A survey commissioned by FIVA, the international federation for historic vehicles, has revealed the huge financial contribution historic vehicle enthusiasts make to local and national economies, as well as confirming the typically low annual mileage of historic cars.

The survey was conducted in late 2020 and saw nearly 55,000 enthusiasts take part from around the world. It shows that the average enthusiast spends €3800 per year directly on their vehicle or vehicles, including insurance, repairs and restoration, storage, servicing and fuel. With non-direct spending added, such as food and drink, tickets and accommodation, this rises to €4858. The total spending by the 2m enthusiasts represented through FIVA member clubs alone is an estimated €10bn per annum.

The survey also revealed that average historic vehicle is taken out 15 times a year and travels 1413km (878 miles)  – in line with the FBHVC’s most recent findings of 16 times a year, but below its 1200-mile distance. Historic vehicles are primarily used for leisure, with runs averaging 88km (55 miles).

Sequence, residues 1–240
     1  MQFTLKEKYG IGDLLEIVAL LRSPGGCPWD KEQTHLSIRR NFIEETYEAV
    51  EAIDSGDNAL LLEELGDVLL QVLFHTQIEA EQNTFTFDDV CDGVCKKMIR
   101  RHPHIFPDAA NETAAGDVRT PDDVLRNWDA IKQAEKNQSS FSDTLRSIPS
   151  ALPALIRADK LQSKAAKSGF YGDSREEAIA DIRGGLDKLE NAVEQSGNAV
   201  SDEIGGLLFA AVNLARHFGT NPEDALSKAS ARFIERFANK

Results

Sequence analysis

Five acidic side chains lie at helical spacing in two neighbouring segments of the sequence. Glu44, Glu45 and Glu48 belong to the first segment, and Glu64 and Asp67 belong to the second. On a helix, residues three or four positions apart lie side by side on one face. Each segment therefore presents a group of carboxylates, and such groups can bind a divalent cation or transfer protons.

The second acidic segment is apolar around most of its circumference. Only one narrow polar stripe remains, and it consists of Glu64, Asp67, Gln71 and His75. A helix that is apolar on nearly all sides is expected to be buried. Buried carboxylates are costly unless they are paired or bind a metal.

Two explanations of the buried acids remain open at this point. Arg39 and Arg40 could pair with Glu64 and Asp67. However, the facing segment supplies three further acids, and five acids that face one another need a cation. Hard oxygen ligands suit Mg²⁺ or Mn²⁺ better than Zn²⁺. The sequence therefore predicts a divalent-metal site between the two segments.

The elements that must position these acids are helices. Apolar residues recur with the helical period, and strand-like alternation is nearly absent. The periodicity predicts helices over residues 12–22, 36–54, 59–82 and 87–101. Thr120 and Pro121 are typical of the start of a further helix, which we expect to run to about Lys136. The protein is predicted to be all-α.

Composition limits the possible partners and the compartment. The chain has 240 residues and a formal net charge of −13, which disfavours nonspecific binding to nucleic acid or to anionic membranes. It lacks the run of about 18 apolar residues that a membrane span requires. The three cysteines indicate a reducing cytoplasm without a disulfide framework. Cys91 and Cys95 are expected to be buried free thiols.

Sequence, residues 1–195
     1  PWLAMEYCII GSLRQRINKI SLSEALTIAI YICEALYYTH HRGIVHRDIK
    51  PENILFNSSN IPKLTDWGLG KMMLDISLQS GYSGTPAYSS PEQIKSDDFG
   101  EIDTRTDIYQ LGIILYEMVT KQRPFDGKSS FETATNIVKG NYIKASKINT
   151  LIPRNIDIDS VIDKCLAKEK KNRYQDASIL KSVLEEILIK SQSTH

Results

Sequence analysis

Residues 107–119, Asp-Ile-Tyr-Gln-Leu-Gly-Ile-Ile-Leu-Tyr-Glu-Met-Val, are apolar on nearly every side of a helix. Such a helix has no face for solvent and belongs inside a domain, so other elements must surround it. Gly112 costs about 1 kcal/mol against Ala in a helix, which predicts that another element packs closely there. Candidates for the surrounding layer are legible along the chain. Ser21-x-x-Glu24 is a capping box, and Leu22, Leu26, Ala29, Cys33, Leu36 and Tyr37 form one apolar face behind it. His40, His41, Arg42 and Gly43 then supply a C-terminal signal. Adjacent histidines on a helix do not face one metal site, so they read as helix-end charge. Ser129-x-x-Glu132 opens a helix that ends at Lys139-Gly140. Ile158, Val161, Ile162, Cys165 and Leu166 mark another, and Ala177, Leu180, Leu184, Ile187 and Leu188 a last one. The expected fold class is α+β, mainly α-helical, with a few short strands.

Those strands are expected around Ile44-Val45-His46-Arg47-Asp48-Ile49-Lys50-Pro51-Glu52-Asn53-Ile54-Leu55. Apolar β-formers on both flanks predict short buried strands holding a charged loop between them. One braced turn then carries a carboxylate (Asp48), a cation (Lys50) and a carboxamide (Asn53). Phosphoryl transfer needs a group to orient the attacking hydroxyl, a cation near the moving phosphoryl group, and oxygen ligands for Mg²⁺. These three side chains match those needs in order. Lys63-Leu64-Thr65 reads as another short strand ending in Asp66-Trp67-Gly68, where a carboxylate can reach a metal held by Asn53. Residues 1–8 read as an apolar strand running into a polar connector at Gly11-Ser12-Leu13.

As for clubs, they average 380 members, but 32 per cent have 50 or fewer members, while 13 per cent have 500 or more members. The average club member is 56 years old, and the average member fee is 36 Euros a year. Clubs typically organise 15 events each year covering a hugely diverse range, but they are not just about numbers – their value extends to various supporting services such as encouraging enthusiasts to maintain their vehicles in good working condition and providing technical advice.

Lars Genild, Chairman of the FIVA Legislation Committee, said: “Our figures show the very significant economic contribution by the historic vehicle movement to both local and national economies. It’s also critical to note that – at a time of changing attitudes towards the use of motor vehicles – historic vehicles, on average, travel extremely low distances and are primarily used for leisure purposes only.

“Meanwhile, our survey highlights the far-reaching value of historic vehicle clubs not only to individual enthusiasts but also, through events and activities, to society as a whole, preserving automotive heritage as a rolling museum for generations to come.”